Ambleside is a bustling, busy town at the head of Lake Windermere with lots of shops selling walking equipment and outdoor wear, and gray Victorian row houses huddling along its streets. Leave town in the direction of Keswick (A591), watching for a right-hand turn to Rydal Mount, the home of William Wordsworth, the poet, from 1813 to his death in l850. The house is furnished and contains many family portraits and possessions. A keen gardener, Wordsworth laid out the 4½ acres of informal gardens.
Wordsworth fans will also want to stop at Dove Cottage where Wordsworth lived from 1799 to 1808 and the adjacent Wordsworth Museum. Park by the tearoom on the main road and walk up to the museum to buy your ticket. Try to visit early in the day as they restrict a tour to the number of people who can comfortably fit into Wordsworth's tiny living room. As you tour the few meager rooms, which housed six adults and three children, it is hard to believe that this was home to one of the leading poets of the era. Poet laureates write poems on royal events, but not Wordsworth: he was the only poet laureate to write not a word on such occasions-but he relished the royal stipend. Just off the busy main road, the adjacent village of Grasmere is full of charming shops and galleries.
The A591 is a delightful drive into Keswick through in turn wild, rugged, and pastoral scenery. Take small roads to the west of Thirlmere as the views from the west of the lake are much better than from the A591. The lively market town of Keswick, cozily placed at the northern end of Derwent Water, is full of bakeries, sweet shops (selling fudge and Kendal mint cake), pubs, restaurants, and outdoor equipment suppliers. There are plenty of car parks near the town center, though on a busy summer afternoon you may have to drive around for a while before you secure a spot. The Moot Hall(meeting hall) at the center of the square is now the National Park Information Centre-full of maps, books, and good advice.
Returning to your car, head towards Derwent Water, taking the B5289 to Borrowdale for a spectacular drive between Keswick and Cockermouth, a journey not to be undertaken in bad weather. Follow Derwent Water to Grange where inviting woodlands beckon you to tarry awhile and walk, but desist because the most spectacular walking country lies ahead. Passing through the village of Rosthwaite, the narrow road begins to climb, curving you upwards alongside a tumbling stream to the high, treeless fells before suddenly tipping you over the crest of the mountain and snaking you down into the valley to Buttermere and Crummock Water whose placid surfaces mirror the jagged peaks surrounding this wooded, green valley. The mountains here are over 500 million years old-among the oldest in the world. Walking paths beckon in every direction-though these are not paths to be trod without equipment and maps, for the fickle weather can turn from sun to storm in just a short while. Leaving this lovely spot, the narrow road quickly brings you into the center of bustling Cockermouth where Wordsworthians have the opportunity to visit Wordsworth House, his birthplace on Main Street.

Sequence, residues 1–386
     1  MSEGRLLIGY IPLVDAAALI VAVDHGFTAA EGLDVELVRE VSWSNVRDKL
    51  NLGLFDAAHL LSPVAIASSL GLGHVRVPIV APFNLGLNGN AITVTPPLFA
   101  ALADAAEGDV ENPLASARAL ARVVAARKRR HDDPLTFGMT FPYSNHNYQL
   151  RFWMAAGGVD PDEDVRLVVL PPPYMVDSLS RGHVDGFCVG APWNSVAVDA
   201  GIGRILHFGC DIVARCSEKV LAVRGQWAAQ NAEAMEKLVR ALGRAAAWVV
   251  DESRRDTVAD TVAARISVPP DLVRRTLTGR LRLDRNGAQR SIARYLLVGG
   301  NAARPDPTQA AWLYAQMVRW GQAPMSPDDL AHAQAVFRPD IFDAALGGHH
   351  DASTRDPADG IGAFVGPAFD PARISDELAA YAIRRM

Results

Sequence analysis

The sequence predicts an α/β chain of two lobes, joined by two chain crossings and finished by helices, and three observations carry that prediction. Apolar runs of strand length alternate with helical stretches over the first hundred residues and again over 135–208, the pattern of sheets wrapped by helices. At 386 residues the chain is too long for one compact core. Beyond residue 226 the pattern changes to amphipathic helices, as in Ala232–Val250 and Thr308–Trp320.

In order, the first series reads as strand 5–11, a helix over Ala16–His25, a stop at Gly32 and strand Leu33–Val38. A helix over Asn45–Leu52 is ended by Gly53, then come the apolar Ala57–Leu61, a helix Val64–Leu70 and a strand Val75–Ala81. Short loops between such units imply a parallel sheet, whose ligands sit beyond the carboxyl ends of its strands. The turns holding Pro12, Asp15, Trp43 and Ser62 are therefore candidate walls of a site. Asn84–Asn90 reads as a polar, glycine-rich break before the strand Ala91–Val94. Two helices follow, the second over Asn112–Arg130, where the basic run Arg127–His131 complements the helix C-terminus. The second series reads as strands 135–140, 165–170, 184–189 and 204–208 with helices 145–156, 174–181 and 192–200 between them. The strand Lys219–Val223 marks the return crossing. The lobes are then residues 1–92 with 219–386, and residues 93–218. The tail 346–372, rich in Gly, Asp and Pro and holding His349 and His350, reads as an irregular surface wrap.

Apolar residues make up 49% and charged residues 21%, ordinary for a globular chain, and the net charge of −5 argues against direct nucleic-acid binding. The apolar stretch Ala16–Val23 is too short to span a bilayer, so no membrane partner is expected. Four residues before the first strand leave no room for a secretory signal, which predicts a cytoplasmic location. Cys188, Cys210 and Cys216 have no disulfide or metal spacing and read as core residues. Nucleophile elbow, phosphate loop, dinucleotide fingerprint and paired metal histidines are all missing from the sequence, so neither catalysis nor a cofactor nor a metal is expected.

From Cockermouth follow signs for the A66 and Keswick along a country road that parallels the A66 to the head of Bassenthwaite Lake. At the junction cross the busy A66 onto a quiet country road to visit The Pheasant, a superb example of the very best of traditional pubs. From here the A66 quickly speeds you alongside Bassenthwaite Lake, around Keswick, and to the M6 motorway. However, if you have time for one more idyllic lake, take the A5091 through Troutbeck to Ullswater where you turn left to trace the lake to Aira Force (NT), a landscaped Victorian park with dramatic waterfalls, arboretum, and rock gardens (there is also a café). After a walk along the shores of Ullswater Wordsworth wrote his poem Daffodils. The dramatic scenery is still very much as it was in his day. Leaving Ullswater, return to the A66 and join the M6 at junction 40, with convenient connections to all parts of Britain.
* (NT) means that the property listed is under the care of the National Trust.